C. Bradley Thompson on the American Revolution

cbt john adams

An indispensable book on an indispensable republican.

I am thrilled to see that Professor Brad Thompson has commented on my American Revolution/Crises Timeline.  Though I’ve never had the pleasure of meeting him in person, I’ve known of Brad since my undergraduate days.  As early as my junior year at Notre Dame, one of my professors–Bruce Smith; then a graduate student–praised Brad to the skies.  He almost had a mythical presence in my life.

Since, folks I respect beyond measure–such as Michelle Le and Roger Ream–have continued to praise Brad to the skies.

Thirty years after Bruce first told me about Brad, he is, simply put, one of the greatest living scholars of the American Founding and of American history.

He’s written expertly and beautifully on Alexander Hamilton, John Adams, and abolitionism.

His book on neo-conservativism (co-authored with Yaron Brook) is one of my favorite books of the last decade.  In other words, you need to know him!!!!

Here’s a link to his books at amazon: http://www.amazon.com/s/ref=nb_sb_noss_2?url=search-alias%3Daps&field-keywords=bradley+thompson

Anyway, there’s no way in the world that I’ll chance having his thoughts buried in the comments.  So, here they are–for all to enjoy!  Thank you so much, Brad.  What an honor!

Comment 1:

Hi Brad:

Great timeline on the imperial crisis.

Most people today have forgotten the second half of the Americans’ opposition to the Sugar and Stamp Acts. Yes, there was the development of the “no taxation without representation” principle that resulted from the Stamp Act. John Adams, however, considered the “most grievous innovation” of the Sugar and Stamp acts to be the extension of the power of the vice-admiralty courts in America, which he thought violated the basic tenets of Magna Charta. In his “Instructions of the Town of Braintree to their Representative” he wrote: “We cannot help asserting, therefore, that this part of the act will make an essential change in the constitution of juries, and it is directly repugnant to the Great Charter itself; for, by that charter, ‘no amerciament shall be assessed, but by the oath of honest and lawful men of the vicinage;’ and, ‘no freeman shall be taken, or imprisoned, or disseized of his freehold, or liberties of free customs, nor passed upon, nor condemned, but by lawful judgment of his peers, or by the law of the land.’”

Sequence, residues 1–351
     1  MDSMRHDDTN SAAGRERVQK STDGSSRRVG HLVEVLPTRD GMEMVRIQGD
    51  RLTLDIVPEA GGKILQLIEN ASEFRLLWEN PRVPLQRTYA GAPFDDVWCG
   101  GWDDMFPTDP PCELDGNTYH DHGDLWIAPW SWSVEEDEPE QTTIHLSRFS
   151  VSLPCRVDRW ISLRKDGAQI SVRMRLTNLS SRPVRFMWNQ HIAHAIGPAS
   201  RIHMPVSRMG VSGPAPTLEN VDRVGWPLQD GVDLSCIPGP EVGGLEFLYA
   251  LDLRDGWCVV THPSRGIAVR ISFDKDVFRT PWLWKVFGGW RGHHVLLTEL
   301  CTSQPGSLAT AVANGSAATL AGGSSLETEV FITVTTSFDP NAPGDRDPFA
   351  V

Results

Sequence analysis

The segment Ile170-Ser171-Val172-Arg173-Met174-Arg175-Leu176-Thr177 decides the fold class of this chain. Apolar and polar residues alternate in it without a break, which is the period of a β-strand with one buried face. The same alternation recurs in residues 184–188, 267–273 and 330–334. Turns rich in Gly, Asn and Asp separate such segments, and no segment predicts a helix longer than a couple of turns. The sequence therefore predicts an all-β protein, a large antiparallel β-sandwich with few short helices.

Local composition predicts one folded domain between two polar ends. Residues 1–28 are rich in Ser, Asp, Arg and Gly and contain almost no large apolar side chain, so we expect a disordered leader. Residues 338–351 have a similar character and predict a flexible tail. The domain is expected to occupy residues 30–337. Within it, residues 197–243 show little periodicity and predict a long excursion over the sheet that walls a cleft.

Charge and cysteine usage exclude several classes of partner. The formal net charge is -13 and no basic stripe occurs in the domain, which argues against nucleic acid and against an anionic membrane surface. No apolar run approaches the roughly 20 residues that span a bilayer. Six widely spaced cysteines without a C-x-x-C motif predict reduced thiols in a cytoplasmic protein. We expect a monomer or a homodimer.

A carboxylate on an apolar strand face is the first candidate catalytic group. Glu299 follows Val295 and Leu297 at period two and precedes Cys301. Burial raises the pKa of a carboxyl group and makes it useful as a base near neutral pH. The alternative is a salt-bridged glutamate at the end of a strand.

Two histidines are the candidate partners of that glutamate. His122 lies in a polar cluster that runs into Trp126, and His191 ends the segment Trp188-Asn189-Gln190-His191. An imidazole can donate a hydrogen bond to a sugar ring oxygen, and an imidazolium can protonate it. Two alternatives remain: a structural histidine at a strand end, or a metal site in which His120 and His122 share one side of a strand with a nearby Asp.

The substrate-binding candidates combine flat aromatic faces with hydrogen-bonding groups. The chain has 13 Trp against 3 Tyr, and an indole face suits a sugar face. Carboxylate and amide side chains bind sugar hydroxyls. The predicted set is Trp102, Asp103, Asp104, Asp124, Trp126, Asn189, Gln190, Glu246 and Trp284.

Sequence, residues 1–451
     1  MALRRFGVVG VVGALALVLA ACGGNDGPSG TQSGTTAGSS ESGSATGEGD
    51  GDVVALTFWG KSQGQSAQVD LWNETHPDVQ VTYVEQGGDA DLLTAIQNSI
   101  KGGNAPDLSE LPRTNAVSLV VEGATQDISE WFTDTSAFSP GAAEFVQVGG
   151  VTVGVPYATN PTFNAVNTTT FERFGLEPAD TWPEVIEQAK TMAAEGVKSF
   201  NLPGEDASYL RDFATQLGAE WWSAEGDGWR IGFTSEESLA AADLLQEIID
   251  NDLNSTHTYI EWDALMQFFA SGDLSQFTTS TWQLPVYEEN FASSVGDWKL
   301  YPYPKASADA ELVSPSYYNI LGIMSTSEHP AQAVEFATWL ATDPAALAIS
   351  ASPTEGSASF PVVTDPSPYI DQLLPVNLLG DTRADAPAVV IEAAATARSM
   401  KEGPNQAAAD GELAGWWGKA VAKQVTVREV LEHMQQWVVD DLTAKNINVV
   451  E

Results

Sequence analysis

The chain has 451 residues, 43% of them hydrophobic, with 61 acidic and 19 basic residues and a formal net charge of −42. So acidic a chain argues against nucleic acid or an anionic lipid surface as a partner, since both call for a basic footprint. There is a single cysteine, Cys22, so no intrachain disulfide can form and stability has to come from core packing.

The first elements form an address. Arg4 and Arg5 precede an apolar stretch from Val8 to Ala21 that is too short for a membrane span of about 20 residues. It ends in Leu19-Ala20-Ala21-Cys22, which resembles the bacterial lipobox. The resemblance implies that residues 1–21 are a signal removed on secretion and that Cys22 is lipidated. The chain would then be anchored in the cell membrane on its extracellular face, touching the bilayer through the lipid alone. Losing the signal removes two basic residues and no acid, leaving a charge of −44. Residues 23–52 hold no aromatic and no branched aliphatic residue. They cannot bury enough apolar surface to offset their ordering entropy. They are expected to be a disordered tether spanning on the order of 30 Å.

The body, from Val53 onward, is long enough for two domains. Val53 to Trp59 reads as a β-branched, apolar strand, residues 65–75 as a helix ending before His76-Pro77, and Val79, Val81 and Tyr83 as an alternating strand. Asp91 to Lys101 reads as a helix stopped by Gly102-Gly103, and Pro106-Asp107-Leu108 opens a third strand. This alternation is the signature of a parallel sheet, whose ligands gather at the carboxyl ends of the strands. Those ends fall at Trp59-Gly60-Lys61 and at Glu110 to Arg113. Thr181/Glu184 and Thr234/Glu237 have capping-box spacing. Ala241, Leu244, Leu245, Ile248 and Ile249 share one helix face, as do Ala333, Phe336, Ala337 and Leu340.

And, comment 2:

Let me also suggest that American Patriots considered the Massachusetts Government Act to be the worst of the Intolerable Acts.

The Massachusetts Government Act altered the Massachusetts charter in several respects: (a) it changed the Mass. Council to a body appointed by the Crown rather than by the colonial legislature, with each councillor continuing in office at the King’s pleasure; (b) The Mass. Governor was now given complete power to appoint and dismiss all executive and inferior judicial officers, including justices of the peace and sheriffs; (c) Superior court judges were to be nominated by the Governor for appointment by the King; (d) Juries would now be chosen by the sheriff instead of democratically by the people of the towns; (e) Finally, town meetings were barred without the consent of the Governor, except for annual election meetings.

It was the last blow for self-government in Massachusetts.

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